Publication Date: September 4th, 2018
Page Count: 544
From the Jacket:
I write because I have seen the darkness that will come. Already there are those who seek to tell a new history…
In a land of mountains and mist, tradition and superstition, Languoreth and her brother Lailoken are raised in the Old Way of their ancestors. But in Scotland, a new religion is rising, one that brings disruption, bloodshed, and riot. And even as her family faces the burgeoning forces of Christianity, the Anglo-Saxons, bent on colonization, are encroaching from the east. When conflict brings the hero Emrys Pendragon to her father’s door, Languoreth finds love with one of his warriors. Her deep connection to Maelgwn is forged by enchantment, but she is promised in marriage to Rhydderch, son of a Christian king. As Languoreth is catapulted into a world of violence and political intrigue, she must learn to adapt. Together with her brother—a warrior and druid known to history as Myrddin—Languoreth must assume her duty to fight for the preservation of the Old Way and the survival of her kingdom, or risk the loss of them both forever.
Based on new scholarship, this tale of bravery and conflicted love brings a lost queen back to life—rescuing her from obscurity, and reaffirming her place at the center of one of the most enduring legends of all time.
The Lost Queen cast a spell on me from the start and I could not put it down. I’ve always been fascinated by Arthurian legends, specifically the stories about Merlin. What I did not realize, is that Merlin had a twin sister called Languoreth who has been all but lost to history. The cover blurb says, “Outlander meets Camelot”, which is what initially caught my attention, but Languoreth’s story is even more captivating than Claire’s.
The world building and careful attention to detail in The Lost Queen are rich and vibrant. Set against the backdrop of the Scottish countryside during the 6th century, the story opens when Languoreth and her brother Lialoken are ten, and have just lost their mother. Raised in the Old Way, Languoreth’s mother was a powerful healer and wisdom keeper and both she and her brother have been born with the gift. However, because her father is king, Languoreth is not allowed to pursue her own desires to follow in her mother’s footsteps, and must instead agree to a political marriage to ensure the survival of her kingdom. She feels trapped and resentful of her lot, but with Christianity on the rise, and the invasion of the Angles, there is war coming that will threaten their way of life and change everything.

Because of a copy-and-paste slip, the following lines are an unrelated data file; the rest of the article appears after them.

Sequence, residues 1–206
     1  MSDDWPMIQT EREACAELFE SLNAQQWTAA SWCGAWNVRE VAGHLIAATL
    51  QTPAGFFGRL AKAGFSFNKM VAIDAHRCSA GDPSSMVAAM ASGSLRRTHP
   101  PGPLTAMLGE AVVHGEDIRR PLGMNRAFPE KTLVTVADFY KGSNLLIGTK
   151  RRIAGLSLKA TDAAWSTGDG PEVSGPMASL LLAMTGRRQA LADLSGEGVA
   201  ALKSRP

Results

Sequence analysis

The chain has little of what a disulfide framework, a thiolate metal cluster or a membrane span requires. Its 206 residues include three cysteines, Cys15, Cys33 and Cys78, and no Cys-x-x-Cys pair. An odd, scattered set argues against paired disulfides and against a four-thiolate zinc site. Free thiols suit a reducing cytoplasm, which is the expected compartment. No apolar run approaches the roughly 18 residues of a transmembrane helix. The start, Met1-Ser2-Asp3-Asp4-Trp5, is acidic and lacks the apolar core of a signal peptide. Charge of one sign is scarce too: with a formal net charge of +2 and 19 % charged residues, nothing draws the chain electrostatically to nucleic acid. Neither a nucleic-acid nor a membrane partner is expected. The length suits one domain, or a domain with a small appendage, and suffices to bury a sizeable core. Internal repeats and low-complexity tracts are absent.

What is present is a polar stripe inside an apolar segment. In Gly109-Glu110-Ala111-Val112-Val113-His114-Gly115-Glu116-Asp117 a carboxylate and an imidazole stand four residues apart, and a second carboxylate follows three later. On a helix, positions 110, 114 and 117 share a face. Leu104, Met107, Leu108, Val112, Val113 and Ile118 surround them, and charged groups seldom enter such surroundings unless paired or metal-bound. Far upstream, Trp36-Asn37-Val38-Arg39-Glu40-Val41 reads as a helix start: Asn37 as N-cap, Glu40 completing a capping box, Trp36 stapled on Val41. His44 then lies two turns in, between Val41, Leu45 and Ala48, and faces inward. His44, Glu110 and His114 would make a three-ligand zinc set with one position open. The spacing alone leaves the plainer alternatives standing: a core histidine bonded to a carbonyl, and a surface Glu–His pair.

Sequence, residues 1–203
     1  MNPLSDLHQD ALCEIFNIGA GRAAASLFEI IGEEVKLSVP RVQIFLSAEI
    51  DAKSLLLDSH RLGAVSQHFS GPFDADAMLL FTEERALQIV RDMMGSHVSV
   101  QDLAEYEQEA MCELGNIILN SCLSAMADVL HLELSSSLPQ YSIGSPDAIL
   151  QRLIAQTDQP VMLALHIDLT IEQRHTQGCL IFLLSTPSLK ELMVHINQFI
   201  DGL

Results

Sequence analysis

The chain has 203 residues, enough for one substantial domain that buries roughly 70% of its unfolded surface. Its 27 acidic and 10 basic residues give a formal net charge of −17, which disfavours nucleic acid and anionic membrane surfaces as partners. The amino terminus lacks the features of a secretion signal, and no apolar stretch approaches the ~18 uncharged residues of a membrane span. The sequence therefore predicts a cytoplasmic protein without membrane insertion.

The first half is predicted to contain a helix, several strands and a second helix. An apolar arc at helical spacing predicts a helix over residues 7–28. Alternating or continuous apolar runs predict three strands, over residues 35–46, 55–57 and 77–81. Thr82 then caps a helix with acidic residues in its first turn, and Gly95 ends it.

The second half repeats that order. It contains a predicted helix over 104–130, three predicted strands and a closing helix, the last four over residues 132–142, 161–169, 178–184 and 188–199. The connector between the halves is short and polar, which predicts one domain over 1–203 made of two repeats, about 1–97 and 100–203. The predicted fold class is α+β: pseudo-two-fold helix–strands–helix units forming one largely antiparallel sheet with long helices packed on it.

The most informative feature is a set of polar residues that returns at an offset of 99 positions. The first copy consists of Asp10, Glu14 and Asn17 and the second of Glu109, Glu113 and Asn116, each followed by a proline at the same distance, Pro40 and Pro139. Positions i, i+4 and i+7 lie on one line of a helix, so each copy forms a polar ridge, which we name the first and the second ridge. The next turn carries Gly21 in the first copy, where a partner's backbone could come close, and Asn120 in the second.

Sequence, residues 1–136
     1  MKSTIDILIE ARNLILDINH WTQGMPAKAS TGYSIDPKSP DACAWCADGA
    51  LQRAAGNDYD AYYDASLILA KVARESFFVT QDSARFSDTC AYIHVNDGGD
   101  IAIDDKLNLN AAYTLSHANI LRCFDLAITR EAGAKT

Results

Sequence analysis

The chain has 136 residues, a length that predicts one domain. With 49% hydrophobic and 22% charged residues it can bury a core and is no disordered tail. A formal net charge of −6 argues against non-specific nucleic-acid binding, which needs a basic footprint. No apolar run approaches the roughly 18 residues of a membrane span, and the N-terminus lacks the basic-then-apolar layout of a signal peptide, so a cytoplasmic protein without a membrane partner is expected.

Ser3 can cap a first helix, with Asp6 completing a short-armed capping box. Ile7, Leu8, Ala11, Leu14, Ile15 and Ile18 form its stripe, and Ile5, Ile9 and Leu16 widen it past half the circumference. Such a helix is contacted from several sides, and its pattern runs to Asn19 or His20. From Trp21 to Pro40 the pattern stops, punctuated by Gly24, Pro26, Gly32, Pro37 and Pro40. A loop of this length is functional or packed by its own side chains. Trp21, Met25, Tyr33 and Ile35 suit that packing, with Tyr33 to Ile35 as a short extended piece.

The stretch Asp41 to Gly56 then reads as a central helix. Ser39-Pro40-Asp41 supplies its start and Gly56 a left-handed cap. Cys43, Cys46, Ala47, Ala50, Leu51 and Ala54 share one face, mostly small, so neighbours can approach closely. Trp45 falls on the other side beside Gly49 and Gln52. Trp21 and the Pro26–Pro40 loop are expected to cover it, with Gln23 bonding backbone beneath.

There are so so so many things to love about this book. With a cast of unforgettable characters, it made me laugh, rage, and cry. It filled me with longing, and transported me to another time and place. Pike’s writing is gorgeous and hypnotic, and she resurrects a time period and way of life that was lost so long ago. With Langoureth and Lialoken, she captures the unbreakable bond that exists between siblings, and with Maelgwn, the breathtaking passion and helplessness of fated love. And perhaps most authentically and powerfully for me, with Languoureth and her children, she writes of the sacred beauty that is the bond between mother and child. Weaved in with these relationships, there is adventure and intrigue and incredible feats of bravery. Langoureth is an extraordinary heroine and I’m so grateful her story will continue in Pike’s magical hands.
At the end of the book, Pike includes a fascinating author’s note about her inspiration and the years she spent researching to make this portrayal as historically accurate as possible. The story she created is in and of itself incredible, but to know that it was based on real people made it larger than life for me. This is just the first of a trilogy and I can legitimately say that I have no idea how I will survive the wait for the next one. The Lost Queen is easily in my all time favorites, and I know I will revisit it time and again. Despite the fact that I received an advanced copy in exchange for my honest review (thank you so much to Touchstone and Edelweiss), I plan on buying my own physical copy to treasure and share. I highly encourage you to pick this one up, especially if you enjoy historical fiction and epic family sagas.